Most often, patients with CML do not have any symptoms. However, when symptoms do occur, they can include
- Bone pain
- Shortness of breath with minimal activity
- Unintentional weight loss
- Easy bleeding
- Pain below the ribs due to splenomegaly
- Night sweats
- Easy bruising and bleeding
These symptoms occur because abnormal CML cells take up the place of normal blood-forming cells within the bone marrow. This lowers the RBCs in a patient’s blood, causing tiredness, and shortness of breath. A shortage of normal WBCs and platelets increase the risk of infection and bleeding respectively.
A CML diagnosis is usually suspected when a routine CBC detects an abnormally high number of WBCs. The CBC may also reveal fewer RBCs or platelets (platelets can be increased depending on the severity of the disease). A peripheral blood smear, which looks at blood cells under a microscope, will usually reveal immature WBCs in circulation. These cells are absent in the blood of healthy people.
A bone marrow biopsy and chromosomal (cytogenetic) analyses may also be performed, which can allow doctors to examine chromosomal abnormalities, such as the presence of Ph chromosomes. AFISH (Fluorescence In Situ Hybridization) or Quantitative Polymerase Chain Reaction (qPCR) can be used to detect the BCR-ABL1 gene with greater accuracy.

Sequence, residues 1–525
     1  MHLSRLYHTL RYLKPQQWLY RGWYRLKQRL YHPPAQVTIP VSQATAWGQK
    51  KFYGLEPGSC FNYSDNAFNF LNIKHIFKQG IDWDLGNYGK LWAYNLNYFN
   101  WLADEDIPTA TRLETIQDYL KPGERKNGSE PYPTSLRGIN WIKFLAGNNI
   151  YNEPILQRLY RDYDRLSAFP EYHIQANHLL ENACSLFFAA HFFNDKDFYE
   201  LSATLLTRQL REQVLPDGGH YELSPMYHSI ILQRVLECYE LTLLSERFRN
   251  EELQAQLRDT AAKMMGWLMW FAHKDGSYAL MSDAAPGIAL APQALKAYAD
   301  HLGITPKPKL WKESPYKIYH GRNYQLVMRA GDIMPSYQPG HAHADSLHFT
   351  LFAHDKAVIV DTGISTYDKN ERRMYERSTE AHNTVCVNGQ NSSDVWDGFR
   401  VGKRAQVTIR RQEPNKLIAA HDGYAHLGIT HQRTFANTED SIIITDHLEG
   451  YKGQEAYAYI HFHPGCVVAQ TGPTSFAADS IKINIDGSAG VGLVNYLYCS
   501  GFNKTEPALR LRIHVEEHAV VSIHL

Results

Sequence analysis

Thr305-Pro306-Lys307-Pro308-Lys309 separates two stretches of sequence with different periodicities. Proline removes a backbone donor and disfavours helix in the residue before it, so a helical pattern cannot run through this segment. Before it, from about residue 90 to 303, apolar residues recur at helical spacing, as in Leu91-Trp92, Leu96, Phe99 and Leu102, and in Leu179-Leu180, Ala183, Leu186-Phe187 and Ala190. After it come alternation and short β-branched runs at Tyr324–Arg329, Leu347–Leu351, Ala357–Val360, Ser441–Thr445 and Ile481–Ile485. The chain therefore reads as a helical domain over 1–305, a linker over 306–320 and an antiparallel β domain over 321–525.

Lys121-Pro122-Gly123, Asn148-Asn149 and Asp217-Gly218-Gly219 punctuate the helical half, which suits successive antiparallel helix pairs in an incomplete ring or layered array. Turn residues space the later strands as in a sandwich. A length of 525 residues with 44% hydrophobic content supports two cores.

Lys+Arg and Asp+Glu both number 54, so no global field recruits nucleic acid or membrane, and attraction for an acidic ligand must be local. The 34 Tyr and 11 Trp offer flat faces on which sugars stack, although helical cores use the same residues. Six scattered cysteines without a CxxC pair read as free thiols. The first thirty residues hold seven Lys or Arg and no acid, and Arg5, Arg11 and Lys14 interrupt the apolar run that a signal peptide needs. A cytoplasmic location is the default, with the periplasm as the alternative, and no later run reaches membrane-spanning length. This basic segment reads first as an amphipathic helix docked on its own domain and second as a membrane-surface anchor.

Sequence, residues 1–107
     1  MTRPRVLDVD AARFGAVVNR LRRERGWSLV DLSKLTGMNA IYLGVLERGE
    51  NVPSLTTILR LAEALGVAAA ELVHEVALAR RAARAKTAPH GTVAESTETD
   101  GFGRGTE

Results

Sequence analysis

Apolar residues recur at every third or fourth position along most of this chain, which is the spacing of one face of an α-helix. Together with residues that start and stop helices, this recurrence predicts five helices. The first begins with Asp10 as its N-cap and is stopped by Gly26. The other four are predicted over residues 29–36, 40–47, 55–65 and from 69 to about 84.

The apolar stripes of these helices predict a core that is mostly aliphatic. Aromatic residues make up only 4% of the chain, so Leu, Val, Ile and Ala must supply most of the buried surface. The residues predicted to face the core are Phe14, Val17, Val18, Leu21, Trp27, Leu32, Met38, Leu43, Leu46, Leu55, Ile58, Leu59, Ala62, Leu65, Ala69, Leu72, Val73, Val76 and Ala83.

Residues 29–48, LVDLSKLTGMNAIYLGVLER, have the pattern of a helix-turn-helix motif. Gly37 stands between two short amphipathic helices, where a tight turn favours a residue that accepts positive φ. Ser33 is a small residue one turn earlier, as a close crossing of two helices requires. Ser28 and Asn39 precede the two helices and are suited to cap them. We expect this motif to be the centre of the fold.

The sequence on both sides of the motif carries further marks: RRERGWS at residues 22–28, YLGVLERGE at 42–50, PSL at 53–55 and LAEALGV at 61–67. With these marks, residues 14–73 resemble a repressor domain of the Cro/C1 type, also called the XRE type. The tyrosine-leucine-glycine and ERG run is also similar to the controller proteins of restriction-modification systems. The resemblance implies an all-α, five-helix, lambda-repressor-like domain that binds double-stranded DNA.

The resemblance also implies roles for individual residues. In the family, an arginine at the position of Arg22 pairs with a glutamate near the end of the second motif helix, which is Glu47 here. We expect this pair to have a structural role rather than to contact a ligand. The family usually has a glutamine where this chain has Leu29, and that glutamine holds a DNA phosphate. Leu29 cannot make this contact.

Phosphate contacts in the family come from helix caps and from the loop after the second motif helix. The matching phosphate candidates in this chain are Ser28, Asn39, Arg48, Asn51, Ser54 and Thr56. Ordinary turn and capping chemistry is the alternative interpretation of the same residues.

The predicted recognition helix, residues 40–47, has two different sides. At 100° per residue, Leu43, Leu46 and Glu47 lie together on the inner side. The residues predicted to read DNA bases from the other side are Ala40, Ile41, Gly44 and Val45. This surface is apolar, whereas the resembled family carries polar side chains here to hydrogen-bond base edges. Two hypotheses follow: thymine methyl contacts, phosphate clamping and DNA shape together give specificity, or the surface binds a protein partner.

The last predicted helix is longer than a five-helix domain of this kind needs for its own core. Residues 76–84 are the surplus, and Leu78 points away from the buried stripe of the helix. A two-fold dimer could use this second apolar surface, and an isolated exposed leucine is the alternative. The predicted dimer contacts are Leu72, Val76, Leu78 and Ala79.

- The most common myeloproliferative neoplasms (MPNs) include polycythemia vera, primary myelofibrosis, and essential thrombocythemia, and chronic myeloid leukemia. There are other, rarer forms of blood cancers.
- Polycythemia Vera results in an increase in red blood cells within the blood, which makes it extremely viscous and difficult to flow.
- Primary myelofibrosis is a slow replacement of the bone marrow with cells that cannot produce blood products, such as red or white blood cells, and platelets
- Essential thrombocythemia signifies an increase in the number of platelets within the blood. This can cause excessive clotting within the body or, counterintuitively, excessive bleeding in response to injuries.
- Chronic myeloid leukemia is a cancer of the white blood cells, resulting in the production of huge amounts of WBCs which take up space within the bone marrow and cannot fight infection when released into the blood.
- These cancers usually carry similar symptoms. Oftentimes, they do not have symptoms and are detected through routine blood examinations.
- Usually, special examinations, including chromosomal analyses, bone marrow biopsies, and genetic testing, are used to make a diagnosis of specific blood cancers.